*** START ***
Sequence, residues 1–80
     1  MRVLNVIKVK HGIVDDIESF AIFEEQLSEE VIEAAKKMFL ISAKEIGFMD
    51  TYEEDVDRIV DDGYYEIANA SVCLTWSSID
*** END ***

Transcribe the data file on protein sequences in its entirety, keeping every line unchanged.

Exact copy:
Sequence, residues 1–80
     1  MRVLNVIKVK HGIVDDIESF AIFEEQLSEE VIEAAKKMFL ISAKEIGFMD
    51  TYEEDVDRIV DDGYYEIANA SVCLTWSSID